Java EE 6 with GlassFish 3 Application Server is another nice book from PACKT publishing.
It covers GlassFish administration. Then it talks about Java web technologies -- servlets, JSP, JSP STL, JSF. Also discusses database connections, Java Messaging Service, security of applications (you can find more about it in GlassFish Security book). The books also talks about EJBs and new possibilities in Java EE 6 -- contexts and dependency injection. In the last part it discusses JAX-WS and JAX-RS web services. And everything is accompanied with information how to do that with GlassFish application server.
I would very much recommend it to novice Java EE developers or just to developers, who want to have a glance on Java EE web technologies, JMS, Java EE 6 dependency injection, web services and how all that is configured in GlassFish application server. I would say, it is a crash course into Java EE.
The book is not covering each section is deep detail. But gives a broad view on different Java EE possibilities.
The book is full of working examples! What I very much like about it, is that it not only talks about the latest Java EE 6 technologies. But also briefly covers how application can be configured in order to work with older standards.
Just received my new PACKT book Java EE 6 with GlassFish 3 Application Server.
From the table of contents I conclude that this book gives quite broad view on Java EE technologies and how to use them with GlassFish v3 application server. Although it is not covering some particular technology very detailed.
First chapter is about GlassFish -- how to setup it and configure. The following ones are about Java web technologies: servlets, JavaServer Pages, JSP Standard Tag Library, JavaServer Faces. Next, books talks about Java Messaging Service and security. Last chapter are the most interesting, in my opinion: Enterprise JavaBeans, Contexts and Dependency Injection and Web Services.
Anxious to read it!
GlassFish Security by PACKT is lying on my table. What I can say about it? Pretty nice book about security. I still wonder, why it has name "GlassFish" in the title. It covers a lot of interesting topics about Java EE security and talks about other software, which can help to secure Java applications, such as OpenDS or OpenSSO.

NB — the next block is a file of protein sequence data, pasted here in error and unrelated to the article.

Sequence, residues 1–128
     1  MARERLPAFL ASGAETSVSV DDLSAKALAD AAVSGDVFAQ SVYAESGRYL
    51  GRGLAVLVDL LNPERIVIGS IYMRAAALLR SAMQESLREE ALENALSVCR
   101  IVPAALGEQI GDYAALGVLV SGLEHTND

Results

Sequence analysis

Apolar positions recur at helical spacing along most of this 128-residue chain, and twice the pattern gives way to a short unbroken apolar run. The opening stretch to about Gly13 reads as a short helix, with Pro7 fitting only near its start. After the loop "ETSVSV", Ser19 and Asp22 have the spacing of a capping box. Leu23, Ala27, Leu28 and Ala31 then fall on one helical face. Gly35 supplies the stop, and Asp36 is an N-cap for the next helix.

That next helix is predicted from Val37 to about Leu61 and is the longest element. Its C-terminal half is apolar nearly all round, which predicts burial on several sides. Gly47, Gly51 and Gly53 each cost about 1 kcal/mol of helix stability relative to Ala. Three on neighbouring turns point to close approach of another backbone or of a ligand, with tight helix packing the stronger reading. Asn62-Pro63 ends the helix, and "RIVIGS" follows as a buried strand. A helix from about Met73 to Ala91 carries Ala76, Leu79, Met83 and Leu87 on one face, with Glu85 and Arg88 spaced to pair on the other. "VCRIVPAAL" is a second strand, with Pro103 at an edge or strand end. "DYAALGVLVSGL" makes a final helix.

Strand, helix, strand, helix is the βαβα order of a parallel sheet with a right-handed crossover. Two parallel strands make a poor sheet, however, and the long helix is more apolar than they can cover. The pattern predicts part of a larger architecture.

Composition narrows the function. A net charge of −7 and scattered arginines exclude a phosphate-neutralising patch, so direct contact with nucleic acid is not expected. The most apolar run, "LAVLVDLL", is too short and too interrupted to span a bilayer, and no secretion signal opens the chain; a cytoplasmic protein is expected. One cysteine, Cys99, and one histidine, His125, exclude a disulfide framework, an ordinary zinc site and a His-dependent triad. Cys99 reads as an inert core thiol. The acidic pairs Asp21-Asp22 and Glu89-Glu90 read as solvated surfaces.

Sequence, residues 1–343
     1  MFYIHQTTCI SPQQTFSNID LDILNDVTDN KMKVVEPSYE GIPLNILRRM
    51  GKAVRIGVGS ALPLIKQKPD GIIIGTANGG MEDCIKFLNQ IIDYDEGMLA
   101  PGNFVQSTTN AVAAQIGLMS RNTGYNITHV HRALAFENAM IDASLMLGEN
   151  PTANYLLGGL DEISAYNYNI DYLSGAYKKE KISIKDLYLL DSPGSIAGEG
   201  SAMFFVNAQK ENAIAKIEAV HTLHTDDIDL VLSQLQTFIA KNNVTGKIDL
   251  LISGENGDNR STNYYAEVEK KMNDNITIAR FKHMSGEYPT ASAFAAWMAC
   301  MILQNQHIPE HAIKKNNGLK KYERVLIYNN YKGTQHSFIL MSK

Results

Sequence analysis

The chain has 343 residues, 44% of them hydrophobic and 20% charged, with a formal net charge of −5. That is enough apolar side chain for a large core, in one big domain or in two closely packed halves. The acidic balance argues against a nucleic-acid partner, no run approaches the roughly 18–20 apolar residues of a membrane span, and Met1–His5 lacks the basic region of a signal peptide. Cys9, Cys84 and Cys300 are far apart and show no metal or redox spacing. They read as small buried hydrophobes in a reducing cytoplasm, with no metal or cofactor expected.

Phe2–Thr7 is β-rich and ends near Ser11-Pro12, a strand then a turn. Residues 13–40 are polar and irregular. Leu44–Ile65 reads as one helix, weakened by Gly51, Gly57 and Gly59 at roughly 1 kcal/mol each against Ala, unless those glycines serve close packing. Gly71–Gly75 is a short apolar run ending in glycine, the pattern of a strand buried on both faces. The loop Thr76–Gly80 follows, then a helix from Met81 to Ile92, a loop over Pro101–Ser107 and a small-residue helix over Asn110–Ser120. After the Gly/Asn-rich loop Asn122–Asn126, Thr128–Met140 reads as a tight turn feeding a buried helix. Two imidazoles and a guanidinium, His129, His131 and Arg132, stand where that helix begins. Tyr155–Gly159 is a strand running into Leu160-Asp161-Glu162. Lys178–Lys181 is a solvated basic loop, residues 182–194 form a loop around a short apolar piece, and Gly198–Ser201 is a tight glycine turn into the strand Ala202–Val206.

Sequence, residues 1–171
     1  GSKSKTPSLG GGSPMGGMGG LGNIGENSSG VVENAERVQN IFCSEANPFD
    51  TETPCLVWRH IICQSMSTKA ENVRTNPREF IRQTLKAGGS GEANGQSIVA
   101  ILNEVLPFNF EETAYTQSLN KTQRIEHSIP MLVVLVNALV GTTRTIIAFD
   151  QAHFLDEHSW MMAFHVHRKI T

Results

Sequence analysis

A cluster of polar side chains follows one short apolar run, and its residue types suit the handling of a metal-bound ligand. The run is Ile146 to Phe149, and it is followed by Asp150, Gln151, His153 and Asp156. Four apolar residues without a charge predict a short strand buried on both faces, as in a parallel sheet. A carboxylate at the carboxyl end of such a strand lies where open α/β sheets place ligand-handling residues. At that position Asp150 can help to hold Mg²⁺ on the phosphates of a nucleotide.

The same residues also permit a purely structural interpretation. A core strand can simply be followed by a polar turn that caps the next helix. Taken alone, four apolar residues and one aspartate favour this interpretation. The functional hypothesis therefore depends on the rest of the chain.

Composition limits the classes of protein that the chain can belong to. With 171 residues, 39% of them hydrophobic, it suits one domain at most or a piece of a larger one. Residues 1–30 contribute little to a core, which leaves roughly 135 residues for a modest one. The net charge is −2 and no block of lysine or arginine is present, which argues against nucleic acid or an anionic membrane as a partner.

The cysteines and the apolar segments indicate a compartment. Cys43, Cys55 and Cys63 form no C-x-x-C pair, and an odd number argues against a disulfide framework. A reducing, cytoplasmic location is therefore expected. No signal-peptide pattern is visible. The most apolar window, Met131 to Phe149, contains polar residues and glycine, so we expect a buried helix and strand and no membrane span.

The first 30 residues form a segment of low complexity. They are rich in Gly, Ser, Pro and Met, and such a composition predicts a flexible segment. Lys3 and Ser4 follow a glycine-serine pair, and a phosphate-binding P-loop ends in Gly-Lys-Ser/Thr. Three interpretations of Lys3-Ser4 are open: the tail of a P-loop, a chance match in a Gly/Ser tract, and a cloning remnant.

So if you are just about to design or develop complex Java EE application, I would recommend to take a look into this book to at least grasp the ideas about security management. Beside this, book also covers topics of easy security policies migration, which also may be somewhat interesting in our changing world.
And again, thanks PACKT for publishing yet another wonderful book!
The book is about security in Java EE with EJB, Application Client modules and all the friends. Security in GlassFish is a central point of this book. And what is more, there are plenty of real world code and configuration samples. More information about the book can be found on dedicated page on Packt website.
You have probably seen this nasty exception if you tried launching applications in GlassFish v3:
java.lang.NullPointerException at org.glassfish.appclient.client.acc.ACCLogger$1.run(ACCLogger.java:149) at java.security.AccessController.doPrivileged(Native Method) at org.glassfish.appclient.client.acc.ACCLogger.reviseLogger(ACCLogger.java:146) at org.glassfish.appclient.client.acc.ACCLogger.init(ACCLogger.java:93) at org.glassfish.appclient.client.acc.ACCLogger.(ACCLogger.java:80) at org.glassfish.appclient.client.AppClientFacade.createBuilder(AppClientFacade.java:360) at org.glassfish.appclient.client.AppClientFacade.prepareACC(AppClientFacade.java:247) at org.glassfish.appclient.client.JWSAppClientContainerMain.main(JWSAppClientContainerMain.java:83) at sun.reflect.NativeMethodAccessorImpl.invoke0(Native Method) at sun.reflect.NativeMethodAccessorImpl.invoke(Unknown Source) at sun.reflect.DelegatingMethodAccessorImpl.invoke(Unknown Source) at java.lang.reflect.Method.invoke(Unknown Source) at com.sun.javaws.Launcher.executeApplication(Unknown Source) at com.sun.javaws.Launcher.executeMainClass(Unknown Source) at com.sun.javaws.Launcher.doLaunchApp(Unknown Source) at com.sun.javaws.Launcher.run(Unknown Source) at java.lang.Thread.run(Unknown Source)
You are not alone!
Sometimes one needs a compound key for specifying
@Entity. TopLink website says that one should provide multiple
@Id and @IdClass for a composite primary key. But it actually works without specifing
Prior to today I used "JEE6" abbreviation to mean "Java EE 6". Now I have changed all "JEE6" occurrences to "Java EE 6".
The reason is that I received an email from Bill Shannon -- Java EE specification lead, who kindly asked me to use "Java EE" instead of "JEE". He provided following sources for Java naming:
I really respect his opinion and appreciate his feedback. So from now on I will use "Java EE" to mean "Java EE".
Say, you want to inject an object using
@javax.inject.Inject. And you would like to pass additional dynamic parameter upon initialization. You can do the following trick.